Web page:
Quiet’s story speaks to the fact that family legacies are not always left within the immediate family – from parent to child – but are sometimes through the extended family – from uncle to nephews and nieces and between cousins.
Quiet, who grew up in Zimbabwe, heard about Hesston College from Mennonite missionaries in Botswana when he worked with the United Nations. Their missionaries descriptions of the college caught his attention, and he arrived on the Hesston campus in the fall of 1981.
Quiet continued his education at Bethel College (North Newton, Kan.) and the University of Kansas (Lawrence), yet Hesston held a special place in his life.
“I was touched by the college and the Hesston community as a whole,” said Quiet. “With its strong academics and focus on the student and community, I felt that it was an ideal place to get an education.”
African culture is very family oriented, so as a way of giving back to the five brothers and sisters who played integral roles in his life, Quiet made it his goal to bring at least one child from each of their households to benefit from the “Hesston Experience.” Though he didn’t quite reach his goal, three nephews, one niece and two of his cousins’ children attended Hesston with his financial assistance.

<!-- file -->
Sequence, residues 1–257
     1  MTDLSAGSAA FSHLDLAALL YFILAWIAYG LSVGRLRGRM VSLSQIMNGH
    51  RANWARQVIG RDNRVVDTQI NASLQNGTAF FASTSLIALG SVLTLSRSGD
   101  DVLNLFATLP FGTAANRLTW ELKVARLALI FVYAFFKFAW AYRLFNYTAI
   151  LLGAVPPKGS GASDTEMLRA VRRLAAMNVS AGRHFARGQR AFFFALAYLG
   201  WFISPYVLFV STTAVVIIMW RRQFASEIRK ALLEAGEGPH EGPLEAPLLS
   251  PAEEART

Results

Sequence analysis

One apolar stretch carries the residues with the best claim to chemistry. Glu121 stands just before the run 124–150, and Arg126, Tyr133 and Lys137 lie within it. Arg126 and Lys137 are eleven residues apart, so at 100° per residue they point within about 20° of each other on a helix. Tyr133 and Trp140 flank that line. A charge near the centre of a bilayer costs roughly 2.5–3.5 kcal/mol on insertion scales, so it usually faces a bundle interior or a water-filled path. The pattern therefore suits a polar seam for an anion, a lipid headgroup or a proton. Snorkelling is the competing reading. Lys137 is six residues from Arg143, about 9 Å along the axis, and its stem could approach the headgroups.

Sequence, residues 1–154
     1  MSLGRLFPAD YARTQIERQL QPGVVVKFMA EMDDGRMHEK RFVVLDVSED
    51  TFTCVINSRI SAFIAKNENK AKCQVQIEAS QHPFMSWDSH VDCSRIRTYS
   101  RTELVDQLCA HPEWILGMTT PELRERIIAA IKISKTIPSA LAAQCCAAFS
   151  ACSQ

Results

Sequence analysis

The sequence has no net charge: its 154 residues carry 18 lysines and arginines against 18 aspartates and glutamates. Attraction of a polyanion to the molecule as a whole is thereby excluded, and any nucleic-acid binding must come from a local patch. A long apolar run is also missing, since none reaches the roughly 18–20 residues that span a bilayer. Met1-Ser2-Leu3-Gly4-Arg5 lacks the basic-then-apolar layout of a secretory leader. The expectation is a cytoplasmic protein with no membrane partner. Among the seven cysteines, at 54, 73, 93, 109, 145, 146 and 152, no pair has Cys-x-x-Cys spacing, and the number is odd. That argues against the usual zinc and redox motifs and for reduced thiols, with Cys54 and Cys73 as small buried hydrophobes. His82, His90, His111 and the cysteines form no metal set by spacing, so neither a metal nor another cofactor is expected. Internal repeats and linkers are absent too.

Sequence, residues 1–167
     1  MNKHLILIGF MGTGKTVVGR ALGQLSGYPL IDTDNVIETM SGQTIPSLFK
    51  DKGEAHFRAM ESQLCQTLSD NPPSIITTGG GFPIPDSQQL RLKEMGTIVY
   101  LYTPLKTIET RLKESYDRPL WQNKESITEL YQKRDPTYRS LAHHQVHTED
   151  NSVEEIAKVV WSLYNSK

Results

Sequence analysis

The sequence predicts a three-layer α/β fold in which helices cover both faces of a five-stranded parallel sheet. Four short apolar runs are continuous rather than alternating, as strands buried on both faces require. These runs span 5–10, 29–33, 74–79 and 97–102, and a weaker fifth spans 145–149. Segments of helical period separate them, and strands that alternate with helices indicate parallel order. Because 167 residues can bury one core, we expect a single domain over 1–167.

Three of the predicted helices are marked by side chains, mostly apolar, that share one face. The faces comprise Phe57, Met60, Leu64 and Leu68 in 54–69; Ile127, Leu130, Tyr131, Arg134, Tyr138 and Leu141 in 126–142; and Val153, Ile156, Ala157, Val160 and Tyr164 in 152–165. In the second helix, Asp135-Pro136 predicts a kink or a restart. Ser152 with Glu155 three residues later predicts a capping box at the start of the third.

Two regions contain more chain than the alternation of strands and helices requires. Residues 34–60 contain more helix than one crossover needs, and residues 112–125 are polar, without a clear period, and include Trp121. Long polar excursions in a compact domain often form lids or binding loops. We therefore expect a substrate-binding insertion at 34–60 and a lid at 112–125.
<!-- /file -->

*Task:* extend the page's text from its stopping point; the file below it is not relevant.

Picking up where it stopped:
“I wanted to make sure I gave back for what my family did for me as I grew up,” said Quiet. “From my own experiences, I knew that if my family attended Hesston, it would be easier for them to achieve their goals.”
Quiet’s start, with mentorship from Jim Yoder, Hugo Boschmann and Nelson Kilmer in the Science Department, led to a successful career as a medical scientist working in radiation oncology in Los Angeles since 1989.
“Hesston College molded me and prepared me to live in the United States,” said Quiet. “The community made it easier to mingle, find my way and be ready to go out and meet the world. If I had been in a big city, it would have been a nightmare.”
His family members also settled into careers in the U.S. Muzobanzi “Muzi” Ncube ’91 is a pharmacist; Mkhululi “Muki” Ndabambi ’93 works in marketing and communications; Mlibazisi “Prince” Mabandla ’98 is a computer engineer; Cynthia Ncube ’00 is a nurse; Lenin Mazinyane ’02 works in communications; and Mbongeni “Bongeni” Ndabambi ’02 is a flight attendant.
“I am who I am today because of Hesston College,” said Quiet. “I am glad my family also got the opportunities Hesston provides.